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End of quarter makes traders shorter

It’s overly simplistic to lay the blame for the market decline at Donald Trump’s door. The first US rate hike this year, a slump in oil prices, the future of quantitative easing under higher inflation and end of quarter portfolio manoeuvring have played a part in markets changing course. Still the Trump Presidency, which has played such a large role in the rise in markets since November, is not to be ignored as a factor.


Probably the two biggest contributors to the idea that the world is reflating; a Trump-led fiscal boost and rising oil prices have come unstuck in the past fortnight. We have talked previously about the importance of Trump’s healthcare reform. The “Repeal and Replace” of Obamacare is a beta test for tax cuts. The universally agreed upon notion that ‘Obamacare is bad’ inside the Republican Party struggling to make headway in Congress is a bad omen for the trickier process of tax reform.



The first 1%-plus decline in major US equity indices in over a hundred trading sessions has spread to Europe. Major European equity indices notched up a third day of declines. It must be a week where winning streaks get broken; first the England rugby team then US stock markets.


Banks led the decline in European stocks, matching a similar pattern in the US. The return to form of the banking sector since the US election has epitomised the reflation trade. With the reflation dynamic under scrutiny, banks stocks have been hit the most.


A shooting outside Westminster did little to calm nervous investors in the City of London. Its heavy weighting towards basic resources meant the FTSE 100 saw bigger declines than the rest of Europe as copper prices dropped nearly 2% on the day. Confusion over the introduction of new rules banning certain electronic devices on flights saw travel and leisure stocks loose altitude.


US stocks dipped again on the open, although the pace of declines slowed. The Nasdaq bucked the trend, rising slightly. Some investors are using the decline as an opportunity to load up on popular names including Apple and Netflix.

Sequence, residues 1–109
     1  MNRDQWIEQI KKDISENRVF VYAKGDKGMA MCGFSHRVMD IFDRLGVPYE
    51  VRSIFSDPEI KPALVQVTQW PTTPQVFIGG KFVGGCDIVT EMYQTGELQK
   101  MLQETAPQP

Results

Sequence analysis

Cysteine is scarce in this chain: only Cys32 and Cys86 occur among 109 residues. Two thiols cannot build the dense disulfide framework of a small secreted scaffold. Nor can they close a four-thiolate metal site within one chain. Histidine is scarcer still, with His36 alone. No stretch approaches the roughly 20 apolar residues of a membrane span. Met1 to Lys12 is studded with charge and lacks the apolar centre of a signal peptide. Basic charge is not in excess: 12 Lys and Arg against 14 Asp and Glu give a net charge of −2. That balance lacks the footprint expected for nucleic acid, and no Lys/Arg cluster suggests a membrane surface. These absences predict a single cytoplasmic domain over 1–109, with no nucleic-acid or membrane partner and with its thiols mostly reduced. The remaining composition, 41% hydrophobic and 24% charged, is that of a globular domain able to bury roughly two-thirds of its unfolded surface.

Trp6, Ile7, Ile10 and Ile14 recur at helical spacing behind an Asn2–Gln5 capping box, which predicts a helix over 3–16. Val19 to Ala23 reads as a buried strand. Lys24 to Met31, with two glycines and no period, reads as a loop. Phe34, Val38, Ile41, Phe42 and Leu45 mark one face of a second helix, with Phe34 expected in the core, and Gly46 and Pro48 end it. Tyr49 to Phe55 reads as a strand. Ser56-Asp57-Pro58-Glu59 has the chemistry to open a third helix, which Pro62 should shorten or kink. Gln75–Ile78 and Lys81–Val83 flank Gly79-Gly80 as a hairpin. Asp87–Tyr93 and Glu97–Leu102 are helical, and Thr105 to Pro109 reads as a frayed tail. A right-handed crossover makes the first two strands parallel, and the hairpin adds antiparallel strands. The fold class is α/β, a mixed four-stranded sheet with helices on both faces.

A flight to safety in FX markets meant the US dollar was up against most major currencies bar the Japanese yen.


USD/JPY dropped below 111, a critical technical level which has held on three occasions since late November. While 100 offers round-number support, we suspect a bigger decline towards 109 and the 200 day-moving average.


GBP/USD slipped back on profit-taking after touching 1.25. Sterling is consolidating gains made after above-forecast inflation was reported on Tuesday. Whether Sterling extends its decline could depend on retail sales data released on Thursday. The recent trend in retail sales data has been that of disappointment, so signs of a turnaround would be especially well-received.


EUR/USD bounced back from early declines to retain 1.08. The euro benefitted as polls showed Emmanuel Macron extending his lead in the first round of the French presidential elections to 26% following a strong debate performance. Marine Le Pen on the other hand has seen support begin to wane as disenfranchised but more moderate voters gravitate towards Macron.



Brent crude oil touched a fresh three-month low on Wednesday, dropping below $50 per barrel. A surprise 4.95M build in EIA crude oil inventories adds to the concern the supply glut could take longer to reverse. It took three days to unwind all of last week’s gain in the oil market. In Friday’s note we said “The pain may not be over quite yet. Questions over the size of and compliance to OPEC output cuts remain and are a headwind to further oil price gains.”


Gold has been the obvious beneficiary of the latest bout of uncertainty. The rise in the price of gold began March 15 when the Fed raised rates, pre-dating the stock sell-off this week. We said last week that gold refuses to lay down and die. We attribute gold’s durability to a duel benefit to investors holding it. Gold is a hedge against uncertainty but also does well during periods when interest rates look like staying lower for longer, typically when stocks do well too.


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